"In the furnace of conflict at the heart of the 1987 Intifada, notions of freedom, love, respectability, nationhood, the rights of women and Palestinian identity...will be melted and re-forged."
"But despite all this pain and pressure, women’s creativity is a reason for survival."
"[T]he red notebook, which has fragments from the oral history and memory of a Palestinian woman, and her grandson, will be beyond Ariel’s control. It is the power of the silenced or unheard story, that will never disappear."
"We are excited to announce that Mahmoud Muna, the bookseller at the prestigious Educational Bookshop in East Jerusalem, will publish an anthology of short fiction by Palestinian writers in partnership with Granta."
"Palestine Writes Back will highlight the richness of Palestinian art for a North American audience who may not have had the opportunity to experience this work due to lack of linguistic access (limited translations of Arabic literature), the severe restrictions on movement of Palestinians, and the censorship and repression of Palestinian speech."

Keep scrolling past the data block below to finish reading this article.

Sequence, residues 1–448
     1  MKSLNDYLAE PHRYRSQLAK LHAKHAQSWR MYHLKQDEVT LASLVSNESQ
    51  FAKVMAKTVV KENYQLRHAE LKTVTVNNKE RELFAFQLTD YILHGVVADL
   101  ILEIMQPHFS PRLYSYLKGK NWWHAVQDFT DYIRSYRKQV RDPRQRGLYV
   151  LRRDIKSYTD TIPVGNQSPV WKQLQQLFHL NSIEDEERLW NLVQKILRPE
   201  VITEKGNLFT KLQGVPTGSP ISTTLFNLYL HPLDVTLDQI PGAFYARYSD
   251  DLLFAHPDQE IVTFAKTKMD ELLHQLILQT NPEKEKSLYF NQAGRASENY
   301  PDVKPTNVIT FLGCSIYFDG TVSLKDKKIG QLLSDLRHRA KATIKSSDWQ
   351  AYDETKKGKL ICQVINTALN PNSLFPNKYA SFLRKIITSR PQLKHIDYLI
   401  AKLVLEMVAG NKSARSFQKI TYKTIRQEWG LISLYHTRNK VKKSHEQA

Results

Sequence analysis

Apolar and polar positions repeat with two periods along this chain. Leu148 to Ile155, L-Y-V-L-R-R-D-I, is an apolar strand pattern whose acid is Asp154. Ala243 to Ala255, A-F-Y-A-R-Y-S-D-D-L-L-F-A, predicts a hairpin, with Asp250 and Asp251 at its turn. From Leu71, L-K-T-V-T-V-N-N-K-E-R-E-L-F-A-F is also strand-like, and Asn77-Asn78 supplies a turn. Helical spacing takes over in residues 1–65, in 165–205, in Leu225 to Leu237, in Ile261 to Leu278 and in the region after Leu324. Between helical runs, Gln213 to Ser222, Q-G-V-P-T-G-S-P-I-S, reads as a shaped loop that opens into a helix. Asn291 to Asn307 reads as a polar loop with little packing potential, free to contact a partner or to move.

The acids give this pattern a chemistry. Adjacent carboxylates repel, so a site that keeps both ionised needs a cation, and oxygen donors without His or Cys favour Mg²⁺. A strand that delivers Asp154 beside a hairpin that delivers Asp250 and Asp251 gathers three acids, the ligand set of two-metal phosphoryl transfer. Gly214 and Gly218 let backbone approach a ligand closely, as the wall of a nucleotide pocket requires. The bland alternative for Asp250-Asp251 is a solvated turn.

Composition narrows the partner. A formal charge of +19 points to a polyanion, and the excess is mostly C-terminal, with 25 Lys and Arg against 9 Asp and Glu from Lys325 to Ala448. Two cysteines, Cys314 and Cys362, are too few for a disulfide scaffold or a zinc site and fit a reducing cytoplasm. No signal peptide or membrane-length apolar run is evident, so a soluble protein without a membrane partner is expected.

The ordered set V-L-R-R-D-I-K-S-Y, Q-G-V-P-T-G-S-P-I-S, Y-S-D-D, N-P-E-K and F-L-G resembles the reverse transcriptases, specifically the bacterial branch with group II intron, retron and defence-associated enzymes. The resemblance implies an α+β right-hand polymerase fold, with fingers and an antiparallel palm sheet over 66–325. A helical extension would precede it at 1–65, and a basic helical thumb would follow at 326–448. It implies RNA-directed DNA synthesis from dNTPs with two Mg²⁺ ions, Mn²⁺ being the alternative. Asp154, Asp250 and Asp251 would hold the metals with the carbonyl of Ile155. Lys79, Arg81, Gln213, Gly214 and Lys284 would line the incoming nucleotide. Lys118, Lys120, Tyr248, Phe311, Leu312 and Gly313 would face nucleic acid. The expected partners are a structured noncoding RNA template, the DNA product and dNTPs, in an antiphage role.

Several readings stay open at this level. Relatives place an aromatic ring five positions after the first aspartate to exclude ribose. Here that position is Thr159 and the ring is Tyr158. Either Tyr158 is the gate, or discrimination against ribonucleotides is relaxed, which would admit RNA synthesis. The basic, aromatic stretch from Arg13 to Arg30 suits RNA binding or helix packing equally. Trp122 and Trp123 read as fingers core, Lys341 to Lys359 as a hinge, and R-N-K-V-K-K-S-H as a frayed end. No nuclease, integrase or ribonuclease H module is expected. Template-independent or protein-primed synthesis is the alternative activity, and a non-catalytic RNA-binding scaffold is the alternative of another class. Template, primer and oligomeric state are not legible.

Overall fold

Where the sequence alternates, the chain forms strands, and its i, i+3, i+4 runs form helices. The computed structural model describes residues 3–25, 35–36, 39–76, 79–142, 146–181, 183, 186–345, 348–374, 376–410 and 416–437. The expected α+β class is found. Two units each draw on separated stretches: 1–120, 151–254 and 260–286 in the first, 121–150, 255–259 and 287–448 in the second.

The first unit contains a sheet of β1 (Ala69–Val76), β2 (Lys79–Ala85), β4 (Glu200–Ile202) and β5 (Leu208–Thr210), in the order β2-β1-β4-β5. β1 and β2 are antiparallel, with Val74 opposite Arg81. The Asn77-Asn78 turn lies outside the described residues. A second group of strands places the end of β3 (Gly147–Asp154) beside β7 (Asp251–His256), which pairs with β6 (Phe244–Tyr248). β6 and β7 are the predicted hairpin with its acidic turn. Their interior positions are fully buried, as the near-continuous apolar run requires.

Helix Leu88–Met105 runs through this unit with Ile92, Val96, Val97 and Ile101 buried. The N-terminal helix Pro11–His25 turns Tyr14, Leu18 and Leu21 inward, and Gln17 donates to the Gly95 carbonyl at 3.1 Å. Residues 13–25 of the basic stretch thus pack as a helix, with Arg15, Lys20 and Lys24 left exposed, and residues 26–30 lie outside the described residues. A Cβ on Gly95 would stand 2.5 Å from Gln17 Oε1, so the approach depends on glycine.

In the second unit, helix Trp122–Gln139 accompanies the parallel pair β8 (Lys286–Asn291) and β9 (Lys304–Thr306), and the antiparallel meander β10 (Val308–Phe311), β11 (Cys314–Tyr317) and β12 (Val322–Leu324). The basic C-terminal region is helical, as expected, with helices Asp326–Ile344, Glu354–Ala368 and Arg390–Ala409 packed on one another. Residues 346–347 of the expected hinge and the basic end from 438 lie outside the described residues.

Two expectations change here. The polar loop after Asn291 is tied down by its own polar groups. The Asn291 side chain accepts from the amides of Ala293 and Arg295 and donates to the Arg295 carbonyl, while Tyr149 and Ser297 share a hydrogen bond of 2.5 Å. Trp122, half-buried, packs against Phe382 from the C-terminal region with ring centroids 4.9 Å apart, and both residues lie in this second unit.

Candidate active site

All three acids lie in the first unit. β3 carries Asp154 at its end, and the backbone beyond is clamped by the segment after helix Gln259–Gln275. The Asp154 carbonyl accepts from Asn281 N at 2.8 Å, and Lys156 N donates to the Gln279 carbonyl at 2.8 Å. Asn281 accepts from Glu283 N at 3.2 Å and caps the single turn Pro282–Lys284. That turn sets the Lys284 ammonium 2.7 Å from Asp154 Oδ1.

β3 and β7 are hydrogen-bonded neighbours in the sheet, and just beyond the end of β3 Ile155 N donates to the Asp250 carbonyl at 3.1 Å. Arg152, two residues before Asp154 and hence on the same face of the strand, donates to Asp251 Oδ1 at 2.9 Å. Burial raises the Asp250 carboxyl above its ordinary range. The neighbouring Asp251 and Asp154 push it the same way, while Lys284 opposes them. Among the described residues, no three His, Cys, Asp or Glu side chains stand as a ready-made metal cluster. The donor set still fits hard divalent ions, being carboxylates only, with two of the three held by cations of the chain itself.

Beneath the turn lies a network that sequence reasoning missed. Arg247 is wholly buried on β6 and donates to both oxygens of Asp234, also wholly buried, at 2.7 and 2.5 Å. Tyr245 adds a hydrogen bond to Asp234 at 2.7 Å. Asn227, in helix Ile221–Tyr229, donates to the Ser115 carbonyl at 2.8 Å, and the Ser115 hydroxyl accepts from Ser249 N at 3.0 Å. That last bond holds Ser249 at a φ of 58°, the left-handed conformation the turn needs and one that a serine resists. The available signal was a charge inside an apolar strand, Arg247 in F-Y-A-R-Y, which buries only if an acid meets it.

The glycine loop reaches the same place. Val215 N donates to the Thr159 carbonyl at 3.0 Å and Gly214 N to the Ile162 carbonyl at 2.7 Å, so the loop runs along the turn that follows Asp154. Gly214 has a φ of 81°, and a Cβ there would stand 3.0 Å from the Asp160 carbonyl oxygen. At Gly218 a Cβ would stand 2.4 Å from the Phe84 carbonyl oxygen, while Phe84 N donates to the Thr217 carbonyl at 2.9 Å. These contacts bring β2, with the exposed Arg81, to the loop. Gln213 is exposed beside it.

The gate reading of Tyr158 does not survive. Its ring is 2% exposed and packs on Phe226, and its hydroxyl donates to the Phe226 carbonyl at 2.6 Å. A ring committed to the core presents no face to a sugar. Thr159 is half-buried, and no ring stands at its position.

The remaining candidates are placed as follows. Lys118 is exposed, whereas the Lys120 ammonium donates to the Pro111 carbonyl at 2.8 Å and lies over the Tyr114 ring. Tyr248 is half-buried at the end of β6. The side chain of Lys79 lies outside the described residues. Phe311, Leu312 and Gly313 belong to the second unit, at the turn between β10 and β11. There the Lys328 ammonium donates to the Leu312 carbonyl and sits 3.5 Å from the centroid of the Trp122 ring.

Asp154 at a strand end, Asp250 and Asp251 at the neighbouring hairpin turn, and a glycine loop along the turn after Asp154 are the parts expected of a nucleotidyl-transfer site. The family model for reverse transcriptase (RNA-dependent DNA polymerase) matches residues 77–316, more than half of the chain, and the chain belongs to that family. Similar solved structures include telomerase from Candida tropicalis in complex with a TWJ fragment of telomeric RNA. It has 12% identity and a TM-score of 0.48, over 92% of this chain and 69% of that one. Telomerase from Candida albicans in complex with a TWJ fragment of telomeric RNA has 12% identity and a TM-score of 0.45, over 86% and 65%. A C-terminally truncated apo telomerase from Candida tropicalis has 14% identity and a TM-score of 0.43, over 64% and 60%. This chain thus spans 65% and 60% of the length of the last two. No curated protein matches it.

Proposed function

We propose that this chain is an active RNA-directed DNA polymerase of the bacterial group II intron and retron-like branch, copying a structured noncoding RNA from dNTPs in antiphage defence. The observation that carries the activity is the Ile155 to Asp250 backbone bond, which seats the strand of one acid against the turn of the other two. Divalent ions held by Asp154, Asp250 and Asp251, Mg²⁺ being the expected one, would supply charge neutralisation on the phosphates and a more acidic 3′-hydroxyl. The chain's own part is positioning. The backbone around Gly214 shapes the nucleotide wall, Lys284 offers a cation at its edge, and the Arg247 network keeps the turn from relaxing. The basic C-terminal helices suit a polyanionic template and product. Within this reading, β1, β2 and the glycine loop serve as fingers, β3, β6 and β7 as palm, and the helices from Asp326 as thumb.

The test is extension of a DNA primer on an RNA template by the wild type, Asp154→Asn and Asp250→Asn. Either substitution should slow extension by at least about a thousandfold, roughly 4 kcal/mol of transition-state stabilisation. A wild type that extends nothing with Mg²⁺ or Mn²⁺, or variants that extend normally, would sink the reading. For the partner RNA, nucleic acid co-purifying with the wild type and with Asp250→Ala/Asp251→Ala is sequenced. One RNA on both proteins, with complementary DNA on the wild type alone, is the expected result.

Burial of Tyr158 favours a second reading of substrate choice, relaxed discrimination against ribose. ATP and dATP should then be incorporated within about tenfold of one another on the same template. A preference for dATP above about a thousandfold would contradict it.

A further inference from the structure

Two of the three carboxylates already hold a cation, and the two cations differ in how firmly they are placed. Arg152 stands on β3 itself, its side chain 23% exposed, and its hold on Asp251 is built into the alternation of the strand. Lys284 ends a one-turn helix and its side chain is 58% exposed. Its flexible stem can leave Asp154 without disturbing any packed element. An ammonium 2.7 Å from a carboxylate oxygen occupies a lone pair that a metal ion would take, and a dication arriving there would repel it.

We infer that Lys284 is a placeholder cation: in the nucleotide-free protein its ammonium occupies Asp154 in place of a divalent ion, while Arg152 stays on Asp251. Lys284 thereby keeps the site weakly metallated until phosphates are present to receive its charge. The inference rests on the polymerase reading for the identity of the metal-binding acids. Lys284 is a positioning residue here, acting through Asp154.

Fools, cowards, separation walls, hate crimes, and romance: Palestinian Political Comedy.
"Ze’ev puts me on display in front of the schoolkids in the playground for half an hour. None of them have ever seen a Palestinian before."
The twin aims of the award are to honor and celebrates books in English about Palestine and to "encourage authors and publishers to produce more books on Palestine."
"Yesterday's battle in Nazareth District Court was a victory for artistic expression but not for free speech, when charges against Dareen Tatour's poem "Resist, My People, Resist Them" were overturned, but those for her Facebook posts were upheld."
"Since I was born, Tel Aviv’s houses have been washed up in the city’s whiteness, or vice versa."
Palestinian literary scholar, author, educator, and translator Dr. Issa J Boullata died peacefully on May 1, 2019 at the age of 90.
"Arab and Western readers are different in what they're cautious about in the book. Arabs have been anxious about how the book talks about the girl's sexual identity, alongside her social and political identity, while Westerners have been anxious about how war and suffering might affect young readers."